However, there have been no direct scientific studies investigating the effects of catnip specifically on feline stomach issues. The evidence for its benefits is mainly empirical or anecdotal at this point. More research is still needed to confirm catnip’s efficacy as a remedy for gastrointestinal problems in house cats.

Overall, catnip appears mostly safe when used appropriately, with minimal side effects. So it may be reasonable for cat owners to try catnip to ease temporary stomach discomfort in their pets. But for any persisting or severe gastrointestinal issues, veterinary advice is recommended.

Potential risks and side effects of catnip for cats

While catnip is generally considered safe for cats, there are some potential side effects to be aware of. Overindulgence in catnip can lead to vomiting, diarrhea, and upset stomach in some cats (1). The active chemical compound in catnip, nepetalactone, can cause these stomach issues when consumed in large quantities.

Cats with kidney disease are also advised to avoid or limit catnip, as the nepetalactone may potentially worsen kidney problems. Pregnant and nursing cats should similarly limit or avoid catnip, as the effects on developing kittens are unknown (2).

In addition to stomach upset, other potential side effects of too much catnip include dizziness, hyperactivity, and difficulty walking normally. Some cats may also experience a “hangover” effect after the catnip wears off. Overall, catnip is safe when given occasionally and in small amounts, but caution is advised for cats prone to stomach issues or with certain health conditions.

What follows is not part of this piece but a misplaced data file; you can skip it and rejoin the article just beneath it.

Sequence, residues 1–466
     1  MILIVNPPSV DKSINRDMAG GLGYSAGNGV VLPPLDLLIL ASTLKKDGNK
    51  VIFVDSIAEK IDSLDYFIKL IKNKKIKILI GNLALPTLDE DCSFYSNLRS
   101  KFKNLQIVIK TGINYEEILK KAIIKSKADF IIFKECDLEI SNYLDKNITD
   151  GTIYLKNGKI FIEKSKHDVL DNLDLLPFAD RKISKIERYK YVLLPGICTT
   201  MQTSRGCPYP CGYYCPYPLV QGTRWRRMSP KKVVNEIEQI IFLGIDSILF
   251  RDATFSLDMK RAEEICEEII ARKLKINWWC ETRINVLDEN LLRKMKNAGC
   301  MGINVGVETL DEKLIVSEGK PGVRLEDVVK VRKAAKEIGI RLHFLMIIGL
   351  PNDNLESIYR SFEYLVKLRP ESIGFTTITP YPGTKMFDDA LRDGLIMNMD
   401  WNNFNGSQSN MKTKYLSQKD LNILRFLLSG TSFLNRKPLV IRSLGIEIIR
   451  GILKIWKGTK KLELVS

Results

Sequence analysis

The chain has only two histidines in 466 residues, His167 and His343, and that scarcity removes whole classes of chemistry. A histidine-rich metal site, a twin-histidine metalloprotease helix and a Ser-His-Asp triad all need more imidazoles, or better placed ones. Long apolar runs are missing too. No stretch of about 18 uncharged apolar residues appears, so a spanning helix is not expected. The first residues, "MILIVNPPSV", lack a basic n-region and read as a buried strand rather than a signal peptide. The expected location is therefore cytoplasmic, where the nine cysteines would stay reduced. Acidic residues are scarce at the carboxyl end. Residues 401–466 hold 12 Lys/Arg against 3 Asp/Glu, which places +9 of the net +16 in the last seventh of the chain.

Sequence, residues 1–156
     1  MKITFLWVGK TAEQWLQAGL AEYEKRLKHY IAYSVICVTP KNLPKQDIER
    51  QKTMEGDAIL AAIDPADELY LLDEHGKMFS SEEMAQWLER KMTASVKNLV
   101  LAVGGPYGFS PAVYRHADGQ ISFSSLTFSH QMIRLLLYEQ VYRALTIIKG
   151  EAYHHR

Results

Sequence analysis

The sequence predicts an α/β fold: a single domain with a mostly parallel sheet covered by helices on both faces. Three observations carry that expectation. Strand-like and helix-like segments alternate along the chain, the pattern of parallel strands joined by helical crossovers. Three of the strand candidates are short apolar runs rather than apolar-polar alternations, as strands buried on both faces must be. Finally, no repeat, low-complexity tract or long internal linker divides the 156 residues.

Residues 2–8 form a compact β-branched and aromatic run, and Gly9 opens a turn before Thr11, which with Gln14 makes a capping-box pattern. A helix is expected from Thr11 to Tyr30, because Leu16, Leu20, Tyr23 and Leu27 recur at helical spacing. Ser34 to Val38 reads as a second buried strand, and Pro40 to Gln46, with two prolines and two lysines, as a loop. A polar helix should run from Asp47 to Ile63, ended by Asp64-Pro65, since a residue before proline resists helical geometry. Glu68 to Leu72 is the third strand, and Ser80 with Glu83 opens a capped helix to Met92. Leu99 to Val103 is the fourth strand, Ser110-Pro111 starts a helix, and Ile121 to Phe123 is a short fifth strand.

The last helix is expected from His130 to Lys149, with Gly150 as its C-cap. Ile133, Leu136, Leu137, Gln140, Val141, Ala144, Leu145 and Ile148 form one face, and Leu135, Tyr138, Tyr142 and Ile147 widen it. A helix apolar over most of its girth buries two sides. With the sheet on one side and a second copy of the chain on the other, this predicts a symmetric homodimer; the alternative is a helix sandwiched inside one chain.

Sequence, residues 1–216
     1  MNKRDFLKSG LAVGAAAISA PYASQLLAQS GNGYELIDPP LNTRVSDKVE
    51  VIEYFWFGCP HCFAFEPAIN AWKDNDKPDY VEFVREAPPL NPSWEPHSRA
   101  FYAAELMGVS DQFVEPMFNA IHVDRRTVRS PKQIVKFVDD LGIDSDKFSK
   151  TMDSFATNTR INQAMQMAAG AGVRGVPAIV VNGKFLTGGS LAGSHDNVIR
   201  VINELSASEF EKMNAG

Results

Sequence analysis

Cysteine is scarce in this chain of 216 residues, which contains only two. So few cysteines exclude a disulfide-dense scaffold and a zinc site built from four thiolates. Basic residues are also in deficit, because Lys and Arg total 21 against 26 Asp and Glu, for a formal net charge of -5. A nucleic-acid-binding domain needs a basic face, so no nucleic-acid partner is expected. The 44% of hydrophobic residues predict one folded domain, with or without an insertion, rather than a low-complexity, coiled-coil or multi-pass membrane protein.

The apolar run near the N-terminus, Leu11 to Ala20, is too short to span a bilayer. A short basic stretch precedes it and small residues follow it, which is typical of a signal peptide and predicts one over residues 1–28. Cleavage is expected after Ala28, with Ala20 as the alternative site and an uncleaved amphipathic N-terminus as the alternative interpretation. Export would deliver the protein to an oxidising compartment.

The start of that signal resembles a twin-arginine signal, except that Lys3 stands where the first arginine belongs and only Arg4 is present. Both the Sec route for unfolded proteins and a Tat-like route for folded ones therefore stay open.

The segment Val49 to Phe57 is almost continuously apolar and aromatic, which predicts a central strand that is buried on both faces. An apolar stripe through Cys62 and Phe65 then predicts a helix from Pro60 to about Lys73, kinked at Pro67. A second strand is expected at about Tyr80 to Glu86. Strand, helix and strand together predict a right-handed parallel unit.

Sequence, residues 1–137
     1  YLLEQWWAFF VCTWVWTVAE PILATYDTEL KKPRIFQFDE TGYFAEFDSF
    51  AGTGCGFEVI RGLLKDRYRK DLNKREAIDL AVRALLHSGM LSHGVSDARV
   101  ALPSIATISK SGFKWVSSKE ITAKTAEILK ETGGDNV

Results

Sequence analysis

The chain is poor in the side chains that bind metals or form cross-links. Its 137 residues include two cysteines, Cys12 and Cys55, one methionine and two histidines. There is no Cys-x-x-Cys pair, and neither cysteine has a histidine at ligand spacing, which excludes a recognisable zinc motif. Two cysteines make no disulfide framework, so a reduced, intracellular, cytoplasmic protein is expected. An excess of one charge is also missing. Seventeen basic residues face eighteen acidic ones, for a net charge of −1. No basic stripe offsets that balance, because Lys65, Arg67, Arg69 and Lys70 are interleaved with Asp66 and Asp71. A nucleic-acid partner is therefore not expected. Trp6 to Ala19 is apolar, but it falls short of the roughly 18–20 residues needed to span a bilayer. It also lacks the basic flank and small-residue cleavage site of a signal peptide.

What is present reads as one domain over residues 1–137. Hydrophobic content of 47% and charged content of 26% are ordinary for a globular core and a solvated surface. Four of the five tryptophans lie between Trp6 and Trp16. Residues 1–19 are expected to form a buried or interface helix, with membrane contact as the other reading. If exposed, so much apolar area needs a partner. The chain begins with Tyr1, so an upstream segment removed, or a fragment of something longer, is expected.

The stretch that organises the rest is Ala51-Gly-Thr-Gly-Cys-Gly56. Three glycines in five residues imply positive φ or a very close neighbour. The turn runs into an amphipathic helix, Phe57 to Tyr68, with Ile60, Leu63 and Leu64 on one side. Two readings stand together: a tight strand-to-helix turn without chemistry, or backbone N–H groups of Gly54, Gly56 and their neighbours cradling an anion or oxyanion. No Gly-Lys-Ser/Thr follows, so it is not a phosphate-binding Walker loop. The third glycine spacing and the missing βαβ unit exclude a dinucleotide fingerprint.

Recommended dosage and delivery methods for catnip

When giving catnip to your cat, it’s best to start with small amounts and monitor their reaction. Catnip affects cats differently, so giving a small dose first allows you to gauge their sensitivity.

owner sprinkling a small pinch of dried catnip for their cat

According to pet experts, a good starting amount is 1/4 to 1 teaspoon of dried, loose catnip. Sprinkle this small pinch in front of your cat and observe their response. If they seem to enjoy it without any concerning side effects, you can gradually increase the dose up to around 1-2 tablespoons.

Beyond loose dried catnip, there are several delivery methods to try:

  • Catnip-filled toys – Many cat toys contain catnip which will be released as your cat plays with it.
  • Catnip sprays – These sprays can be applied to toys, scratchers, bedding or other surfaces. It allows your cat to get the scent without ingesting the catnip.
  • Catnip treats – Catnip is available in tasty treat form but monitor consumption to avoid overdose.

No matter how you give catnip, it’s generally recommended to limit use to 1-2 times per week at most. This helps maintain its positive stimulating effects on your cat.

See this reference for more on catnip dosage recommendations:

Other natural remedies for cat stomach issues

In addition to catnip, there are some other natural remedies that may help soothe an upset stomach in cats:

Pumpkin – Pumpkin is a good source of soluble fiber, which can help regulate digestion. Adding a spoonful of plain, unsweetened canned pumpkin to your cat’s food may help settle their stomach. Just make sure it’s 100% pumpkin and not pumpkin pie filling.

Digestive enzymes – Enzyme supplements designed for cats can aid digestion by helping break down fats, proteins and carbs. Consult your vet on an appropriate enzyme supplement.

Probiotics – Probiotic supplements support healthy gut flora and may reduce stomach upset. Look for a cat-specific probiotic powder or paste that contains strains like Enterococcus faecium or Bifidobacterium.

Ginger – A small amount of grated ginger may help alleviate nausea and vomiting. Always consult your vet before giving ginger.

Slippery elm – The inner bark of the slippery elm tree contains mucilage which coats and soothes the digestive tract. Ask your vet about slippery elm dosage for cats.

When to seek veterinary advice for cat stomach problems